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The ‘I Am Fed Up’ Vote:


This election clearly represented both a repudiation of Bush but also very intense anger with the environment that has been building in the USA over the last several years. Looking at some of the polling results points to the fact that 36% of the voters saw themselves as explicitly voting against Bush. 41% indicated that corruption was ‘extremely important’ in their voting decisions. 56% of those polled indicated that the USA should withdraw some or all of its forces from Iraq. In that sense, this vote seems to represent the ‘I am fed up’ vote.

Second, the Democrats still do not have a coherent message. While the vote may have largely been inspired by anti-war sentiment (which took some time topercolate) this does not mean that the Democrats have a clear and unified message as to what their program will be vis-a-vis Iraq, US foreign policy, or much else. 

Third, the nightmare is not over. It was reported that some European parliamentarians declared that the ‘six year nightmare’ is at end. This is very hopeful. We must keep in mind that certainly with regard to foreign policy, Bush still has his finger on the trigger. This should be understood both literally and figuratively. The Bush administration military threats towards Iran and North Korea are not ending just because of this election. At the same time, this election was certainly a shock to the system, and the Bush administration must assume that it will be under a good deal of scrutiny in both branches of Congress. The resignation/firing of Rumsfield may be the tip of the iceberg in terms of shaking things up.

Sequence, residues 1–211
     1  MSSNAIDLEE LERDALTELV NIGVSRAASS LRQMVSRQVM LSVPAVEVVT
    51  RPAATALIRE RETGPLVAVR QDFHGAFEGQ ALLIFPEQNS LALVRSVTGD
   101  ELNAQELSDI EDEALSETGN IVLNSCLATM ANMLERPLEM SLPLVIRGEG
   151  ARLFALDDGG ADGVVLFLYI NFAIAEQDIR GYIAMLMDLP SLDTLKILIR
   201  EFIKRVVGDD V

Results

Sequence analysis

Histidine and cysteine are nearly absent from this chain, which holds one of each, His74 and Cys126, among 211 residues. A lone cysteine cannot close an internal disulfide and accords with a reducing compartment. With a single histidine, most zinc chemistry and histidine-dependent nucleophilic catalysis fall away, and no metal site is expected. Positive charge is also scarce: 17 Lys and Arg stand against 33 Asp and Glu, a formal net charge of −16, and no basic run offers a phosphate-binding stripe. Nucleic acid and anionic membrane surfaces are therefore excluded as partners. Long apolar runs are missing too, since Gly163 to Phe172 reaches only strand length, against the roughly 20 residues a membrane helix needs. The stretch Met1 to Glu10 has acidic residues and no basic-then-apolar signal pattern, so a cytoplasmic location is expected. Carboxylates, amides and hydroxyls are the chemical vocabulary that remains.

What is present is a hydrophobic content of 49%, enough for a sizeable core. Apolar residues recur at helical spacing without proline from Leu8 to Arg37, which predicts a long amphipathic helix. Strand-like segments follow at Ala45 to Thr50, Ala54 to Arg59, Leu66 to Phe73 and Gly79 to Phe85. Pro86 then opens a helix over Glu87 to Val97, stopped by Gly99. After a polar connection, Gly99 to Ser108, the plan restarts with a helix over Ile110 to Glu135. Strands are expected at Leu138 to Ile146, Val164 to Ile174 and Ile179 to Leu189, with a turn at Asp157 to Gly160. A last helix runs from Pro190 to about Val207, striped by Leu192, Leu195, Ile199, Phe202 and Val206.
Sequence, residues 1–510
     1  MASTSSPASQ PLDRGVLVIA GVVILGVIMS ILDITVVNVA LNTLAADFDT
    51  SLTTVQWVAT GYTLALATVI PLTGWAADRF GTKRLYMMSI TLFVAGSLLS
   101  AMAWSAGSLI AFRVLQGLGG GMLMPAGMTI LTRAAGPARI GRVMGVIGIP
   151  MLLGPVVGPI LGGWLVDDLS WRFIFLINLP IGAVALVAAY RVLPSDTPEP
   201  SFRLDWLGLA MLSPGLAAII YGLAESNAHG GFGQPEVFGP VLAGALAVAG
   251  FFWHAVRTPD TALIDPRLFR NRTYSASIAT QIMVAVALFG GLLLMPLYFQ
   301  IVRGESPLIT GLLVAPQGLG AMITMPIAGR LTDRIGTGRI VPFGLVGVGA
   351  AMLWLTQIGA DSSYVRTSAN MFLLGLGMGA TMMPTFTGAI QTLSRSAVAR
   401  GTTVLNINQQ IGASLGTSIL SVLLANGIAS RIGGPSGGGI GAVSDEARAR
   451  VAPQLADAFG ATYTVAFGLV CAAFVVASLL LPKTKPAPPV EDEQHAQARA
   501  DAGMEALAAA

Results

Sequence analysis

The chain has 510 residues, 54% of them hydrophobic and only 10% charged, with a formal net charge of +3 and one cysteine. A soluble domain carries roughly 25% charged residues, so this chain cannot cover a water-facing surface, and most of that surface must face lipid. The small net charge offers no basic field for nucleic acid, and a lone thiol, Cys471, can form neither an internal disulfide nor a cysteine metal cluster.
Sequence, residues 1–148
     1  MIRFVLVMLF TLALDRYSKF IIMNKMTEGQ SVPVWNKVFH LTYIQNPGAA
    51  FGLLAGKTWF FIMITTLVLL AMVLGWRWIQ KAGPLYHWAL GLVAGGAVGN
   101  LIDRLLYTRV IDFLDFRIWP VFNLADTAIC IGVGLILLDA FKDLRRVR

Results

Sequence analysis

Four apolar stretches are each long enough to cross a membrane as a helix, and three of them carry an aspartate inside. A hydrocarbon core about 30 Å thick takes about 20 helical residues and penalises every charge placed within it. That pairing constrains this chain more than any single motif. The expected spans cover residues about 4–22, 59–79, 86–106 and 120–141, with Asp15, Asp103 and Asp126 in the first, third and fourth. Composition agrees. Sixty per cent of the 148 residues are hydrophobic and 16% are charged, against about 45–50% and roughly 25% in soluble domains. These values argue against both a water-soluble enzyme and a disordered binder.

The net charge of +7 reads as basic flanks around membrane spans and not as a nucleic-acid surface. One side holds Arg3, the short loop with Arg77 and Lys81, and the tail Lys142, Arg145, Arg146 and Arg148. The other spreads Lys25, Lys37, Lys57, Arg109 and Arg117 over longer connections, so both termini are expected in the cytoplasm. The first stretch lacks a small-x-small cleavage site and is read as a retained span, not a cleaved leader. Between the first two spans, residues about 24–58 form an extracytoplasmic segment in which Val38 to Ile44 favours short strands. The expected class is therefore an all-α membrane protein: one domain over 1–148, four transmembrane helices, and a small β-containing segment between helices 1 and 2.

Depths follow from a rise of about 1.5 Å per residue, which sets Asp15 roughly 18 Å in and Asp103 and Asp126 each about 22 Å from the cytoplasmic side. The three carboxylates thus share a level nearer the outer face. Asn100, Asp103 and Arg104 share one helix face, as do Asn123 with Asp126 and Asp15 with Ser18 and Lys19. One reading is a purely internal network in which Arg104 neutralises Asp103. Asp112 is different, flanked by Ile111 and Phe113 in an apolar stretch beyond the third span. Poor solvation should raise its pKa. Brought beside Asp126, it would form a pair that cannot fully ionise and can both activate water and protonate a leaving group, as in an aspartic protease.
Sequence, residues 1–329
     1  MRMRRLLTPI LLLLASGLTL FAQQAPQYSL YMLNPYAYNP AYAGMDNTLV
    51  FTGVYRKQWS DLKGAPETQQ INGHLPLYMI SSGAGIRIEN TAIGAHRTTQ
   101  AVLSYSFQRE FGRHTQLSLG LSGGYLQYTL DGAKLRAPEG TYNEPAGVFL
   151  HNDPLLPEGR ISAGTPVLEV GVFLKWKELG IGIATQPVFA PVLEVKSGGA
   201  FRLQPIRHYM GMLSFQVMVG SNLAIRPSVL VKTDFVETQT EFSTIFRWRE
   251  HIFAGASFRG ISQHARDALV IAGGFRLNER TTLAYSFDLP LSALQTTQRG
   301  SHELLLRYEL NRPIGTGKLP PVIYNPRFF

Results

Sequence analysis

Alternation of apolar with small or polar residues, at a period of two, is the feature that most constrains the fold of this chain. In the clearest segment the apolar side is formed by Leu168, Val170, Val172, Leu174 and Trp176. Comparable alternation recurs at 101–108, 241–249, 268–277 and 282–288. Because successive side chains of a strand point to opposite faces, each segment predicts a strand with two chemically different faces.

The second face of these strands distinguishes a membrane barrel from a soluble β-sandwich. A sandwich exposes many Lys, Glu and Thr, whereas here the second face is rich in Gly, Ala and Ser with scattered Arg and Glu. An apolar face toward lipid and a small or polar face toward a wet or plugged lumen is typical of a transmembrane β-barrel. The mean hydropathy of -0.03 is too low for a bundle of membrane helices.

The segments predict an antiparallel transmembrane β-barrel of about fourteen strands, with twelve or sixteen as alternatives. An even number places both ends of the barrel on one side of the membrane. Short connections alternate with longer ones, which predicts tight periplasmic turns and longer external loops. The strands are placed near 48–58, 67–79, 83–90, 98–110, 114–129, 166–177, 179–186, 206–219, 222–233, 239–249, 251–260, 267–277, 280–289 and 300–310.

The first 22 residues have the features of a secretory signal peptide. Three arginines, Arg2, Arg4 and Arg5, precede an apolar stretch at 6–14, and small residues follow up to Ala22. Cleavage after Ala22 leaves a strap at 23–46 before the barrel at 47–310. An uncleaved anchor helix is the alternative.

The nightmare is not over, as well, because the nightmare is not simply a partisan nightmare. The world is suffering not only because of the arrogance of the Bush administration but due to the neo-liberal economic (and environmental) policies that the USA has been articulating since mid-way through the Carter administration in the late 1970s. While it is clear that the Bush administration represents one wing of the ruling elite that has a heavy-handed view toward world affairs, let’s just keep in mind that Clinton’s international policies were not ones that strengthened a democratic international environment (think about the Balkans war, or the near military engagement with North Korea only resolved through the intervention of former President Jimmy Carter).

Fourth, the Republican game of using Black faces to advance their agendas is not over. In Maryland, the Michael Steele candidacy was very effective in playing into discontent with the Maryland Democratic Party and the desire for Black representation even though the Black vote still went overwhelmingly to Democrat Ben Cardin. We should anticipate that the Republicans will use this black faced destabilizing tactic in the future.

Fifth, ballot initiatives were a mixed bag. While South Dakota voters rejected the draconian anti-abortion initiative, voters in eight states voted to ban gay marriage, though Arizona turned this measure down. In Michigan, an anti-affirmative action measure was passed by the electorate. Clearly so-called wedge issues remain an important factor and one should not assume that the rejection of Bush, et. al., represents a rejection of their total program.

Sixth, and last (for now) the elections point to the absolute need for an independent progressive force that can operate both inside and outside the Democratic Party. People turned to the Democrats out of disgust for the Republicans. This will not be enough to hold them. It will also not be enough to advance a progressive movement (even if the Democrats wanted to do that). Instead, there is a need for a political motion that rebuilds a grassroots organization and program with its eyes set on the transformation of the US political scene. If we do not use this time to build it, we will witness the furtherance of despair and cynicism, rather than hope and defiance.

 

BC Editorial Board Member Bill Fletcher, Jr. is a long- time labor and international activist and writer. He is the immediate past president of TransAfrica Forum. He can be reached at [email protected].

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